South Africa kicked their November tour off with a 24-15 victory over Wales at the Millennium Stadium in Cardiff on Saturday.
The pre-game hype revolved around Wales being billed as a pseudo-Lions team, but unlike what we saw in Australia, this team in red was unable to out-muscle their southern hemisphere opponents as the Springboks used their big men and rolling maul to devastating effect, outscoring the Six Nations champions three tries to none.
After twenty minutes Wales looked set for a drubbing as the visitors raced to a 17-6 lead. The tourists led 17-12 at the break but saw the hosts fight back to cut the gap to just two points heading into the final quarter.
The truth be told, Wales never really got on top of their visitors and had to rely on all their points coming from the boot of Leigh Halfpenny.
Halfpenny and Morné Steyn traded early penalties as referee Alain Rolland stamped his authority on the game. The message was clear, there would be no leeway at the ruck and the penalties would flow thick and fast.
Jonathan Davies made his second break of the opening seven minutes to set up more points for Wales, again a penalty on the deck, but the Springboks would reply with their first try.
A brilliant 50-odd metre break from Bryan Habana had the Welsh defence scrambling. Bismarck du Plessis was up in support and left Liam Williams seeing stars as he charged forward before finding skipper Jean de Villiers, who showed outstanding skill to latch onto the pass behind his back and crash over.
Steyn's conversion put South Africa 10-6 ahead as the hosts were forced to re-jig their back-line with both Davies and Liam Williams forced off after 12 minutes.
The Springboks' second try was soon to follow, a display of pure power, as Du Plessis muscled his way over off the back of a rolling maul. Steyn's conversion was his last contribution as he too was forced from the field, meaning Pat Lambie moved to fly-half with the scores at 17-6.
Halfpenny pulled six points back via two more ruck penalties to keep Wales in the contest and when Francois Louw was yellow carded for a bit of unnecessary argy-bargy just before the break, the home side and the home crowd, were in much higher spirits as the teams swapped ends at 17-12.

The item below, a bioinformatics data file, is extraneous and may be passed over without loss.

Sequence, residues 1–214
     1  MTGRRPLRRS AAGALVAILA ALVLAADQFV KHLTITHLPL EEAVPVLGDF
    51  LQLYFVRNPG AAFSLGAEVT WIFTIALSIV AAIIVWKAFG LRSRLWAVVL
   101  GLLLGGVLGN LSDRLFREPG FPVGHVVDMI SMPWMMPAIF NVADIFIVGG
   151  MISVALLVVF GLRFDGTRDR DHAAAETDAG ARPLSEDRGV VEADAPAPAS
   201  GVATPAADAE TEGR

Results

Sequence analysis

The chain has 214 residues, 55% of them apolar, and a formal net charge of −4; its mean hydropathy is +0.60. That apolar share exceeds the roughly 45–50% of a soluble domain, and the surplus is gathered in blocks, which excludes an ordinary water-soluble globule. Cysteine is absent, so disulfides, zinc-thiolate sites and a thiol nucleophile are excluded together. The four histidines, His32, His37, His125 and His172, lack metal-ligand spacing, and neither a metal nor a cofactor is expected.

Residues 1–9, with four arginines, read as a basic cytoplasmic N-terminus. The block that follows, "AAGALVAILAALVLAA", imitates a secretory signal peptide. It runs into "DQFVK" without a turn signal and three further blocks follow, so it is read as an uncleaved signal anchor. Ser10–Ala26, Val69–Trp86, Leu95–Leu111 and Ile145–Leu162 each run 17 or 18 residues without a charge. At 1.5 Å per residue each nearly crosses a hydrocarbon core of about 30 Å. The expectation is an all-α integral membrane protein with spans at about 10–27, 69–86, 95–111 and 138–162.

The scores would not budge until the 55th minute when Halfpenny found the target for the fifth time in five attempts to cut the deficit to just two points.
Confusion reigned when Rolland sent off both Gethin Jenkins and Coenie Oosthuizen (who had only just come on) as his patience ran out with the consistent collapsed scrums. Ten minutes of uncontested scrums followed.
South Africa's third try was made in Japan as Fourie du Preez and Jaque Fourie combined to give their side some breathing room. Du Preez's deft chip down the touchline was collect by the veteran centre, who miraculously found a gap to put his scrum-half clear.
Lambie's conversion left Wales trailing by nine points with ten minutes left on the clock and despite some late pressure, the hosts would fall well short.
Man of the match: A mention for Fourie du Preez, who once again pulled the tactical strings and scored a fabulous try. But we'll go with Bismarck du Plessis thanks to his role in setting up one try and scoring another.
Moment of the match: Wales were always going to struggle after Jean de Villiers's early try. Beyond being an outstanding try, it meant Wales were chasing the game for the rest of the evening.
Villain of the match: The pitch. Test match rugby is supposed to be the pinnacle of the professional game, but the quality of the surface wasn't worthy of much more than a rural club fixture.
Pens: Halfpenny 5
Yellow cards: Jenkins (58th min - scrum infringement)
For South Africa:
Tries: De Villiers, Du Plessis, Du Preez
Cons: Steyn 2, Lambie
Yellow cards: Louw (35th min - foul play); Oosthuizen (58th min - scrum infringement)
Wales: 15 Leigh Halfpenny, 14 George North, 13 Jonathan Davies, 12 Scott Williams, 11 Liam Williams, 10 Rhys Priestland, 9 Mike Phillips, 8 Toby Faletau, 7 Sam Warburton (c), 6 Dan Lydiate, 5 Alun Wyn Jones, 4 Bradley Davies, 3 Adam Jones, 2 Richard Hibbard, 1 Gethin Jenkins.
Replacements: 16 Ken Owens, 17 Paul James, 18 Scott Andrews, 19 Luke Charteris, 20 Justin Tipuric, 21 Lloyd Williams, 22 James Hook, 23 Ashley Beck.
South Africa: 15 Patrick Lambie, 14 JP Pietersen, 13 Jaque Fourie, 12 Jean de Villiers, 11 Bryan Habana, 10 Morné Steyn, 9 Fourie du Preez, 8 Duane Vermeulen, 7 Francois Louw, 6 Willem Alberts, 5 Flip van der Merwe, 4 Eben Etzebeth, 3 Frans Malherbe, 2 Bismarck du Plessis, 1 Tendai Mtawarira.
Replacements: 16 Adriaan Strauss, 17 Gurthrö Steenkamp, 18 Coenie Oosthuizen, 19 Pieter-Steph du Toit, 20 Siya Kolisi, 21 Ruan Pienaar, 22 JJ Engelbrecht, 23 Willie le Roux.
Venue: Millennium Stadium, Cardiff
Referee: Alain Rolland (Ireland)
Assistant Referees: George Clancy (Ireland), Marius Mitrea (Italy)
TMO: Eric Gauzins (France)